Pinochet and Foie Gras
The dinner was in my honour,
he said, for the visiting Englishman.
French exchange in eighty-eight.
Jean-Pierre’s friends included
another smallholder like him,
a land-owning communist lawyer,
a teacher, a builder,
and a young woman
who’d fled from Chile.
Whatever we talked about
has eroded with time;
if Proudhon and land-owning were aired,
wine would have kept things light –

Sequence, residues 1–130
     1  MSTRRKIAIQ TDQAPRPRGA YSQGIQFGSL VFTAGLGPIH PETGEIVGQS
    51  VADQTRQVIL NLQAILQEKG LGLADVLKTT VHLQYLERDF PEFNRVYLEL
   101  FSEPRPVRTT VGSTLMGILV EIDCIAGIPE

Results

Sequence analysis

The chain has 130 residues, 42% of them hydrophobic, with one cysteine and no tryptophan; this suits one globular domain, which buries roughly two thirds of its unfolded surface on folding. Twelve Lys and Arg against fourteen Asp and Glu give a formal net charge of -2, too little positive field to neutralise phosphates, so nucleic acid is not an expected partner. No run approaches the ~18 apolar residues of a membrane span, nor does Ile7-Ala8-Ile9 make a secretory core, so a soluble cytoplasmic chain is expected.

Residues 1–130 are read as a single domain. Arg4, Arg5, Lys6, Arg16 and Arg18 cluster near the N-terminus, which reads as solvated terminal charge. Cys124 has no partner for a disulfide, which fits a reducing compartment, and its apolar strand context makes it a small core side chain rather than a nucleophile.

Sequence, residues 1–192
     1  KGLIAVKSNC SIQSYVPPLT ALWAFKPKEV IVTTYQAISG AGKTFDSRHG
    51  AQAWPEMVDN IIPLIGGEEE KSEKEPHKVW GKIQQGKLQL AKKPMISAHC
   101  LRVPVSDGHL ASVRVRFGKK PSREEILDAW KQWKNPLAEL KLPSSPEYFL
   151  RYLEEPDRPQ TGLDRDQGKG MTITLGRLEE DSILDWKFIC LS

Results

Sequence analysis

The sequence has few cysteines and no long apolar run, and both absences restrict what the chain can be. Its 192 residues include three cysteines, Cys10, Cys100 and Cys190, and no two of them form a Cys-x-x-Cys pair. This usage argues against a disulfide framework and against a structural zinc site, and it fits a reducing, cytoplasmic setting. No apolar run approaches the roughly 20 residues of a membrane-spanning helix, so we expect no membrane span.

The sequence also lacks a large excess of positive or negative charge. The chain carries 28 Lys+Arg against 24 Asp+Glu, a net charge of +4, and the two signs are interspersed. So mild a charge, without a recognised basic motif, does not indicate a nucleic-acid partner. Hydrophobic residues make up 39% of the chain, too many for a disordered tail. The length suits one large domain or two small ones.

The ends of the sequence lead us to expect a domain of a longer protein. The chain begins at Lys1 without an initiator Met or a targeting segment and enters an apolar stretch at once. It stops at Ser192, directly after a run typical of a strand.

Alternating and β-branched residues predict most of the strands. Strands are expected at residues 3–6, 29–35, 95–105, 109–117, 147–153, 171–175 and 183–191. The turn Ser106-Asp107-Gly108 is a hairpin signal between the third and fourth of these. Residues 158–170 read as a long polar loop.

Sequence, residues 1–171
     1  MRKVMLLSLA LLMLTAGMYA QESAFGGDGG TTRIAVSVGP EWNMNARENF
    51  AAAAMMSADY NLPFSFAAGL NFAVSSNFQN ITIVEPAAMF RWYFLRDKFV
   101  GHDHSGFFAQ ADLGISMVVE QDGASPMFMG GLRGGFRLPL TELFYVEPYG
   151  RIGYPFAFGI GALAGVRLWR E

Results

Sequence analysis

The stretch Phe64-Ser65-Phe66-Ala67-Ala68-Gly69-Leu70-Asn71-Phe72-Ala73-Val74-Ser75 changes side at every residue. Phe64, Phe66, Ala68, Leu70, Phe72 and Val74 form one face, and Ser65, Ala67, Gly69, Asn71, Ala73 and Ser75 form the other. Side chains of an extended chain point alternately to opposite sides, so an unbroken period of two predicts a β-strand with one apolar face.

our persiflage, a safer world,
worlds away from Pinochet.
The embodiment of grief sat still,
a tight-lipped aura we tried to include,
to ease the discomfiture
that she’d brought with her
what she’d left behind.
Next morning, a shrill dawn chorus
of shrieking, clanging pain woke me
like an arresting knock on the door,
manhandling me out of bed.
Over breakfast, Jean-Pierre smiled,
désolé, force-feeding, he said,
it’s cruel but necessary –
as if an apology could ever suffice.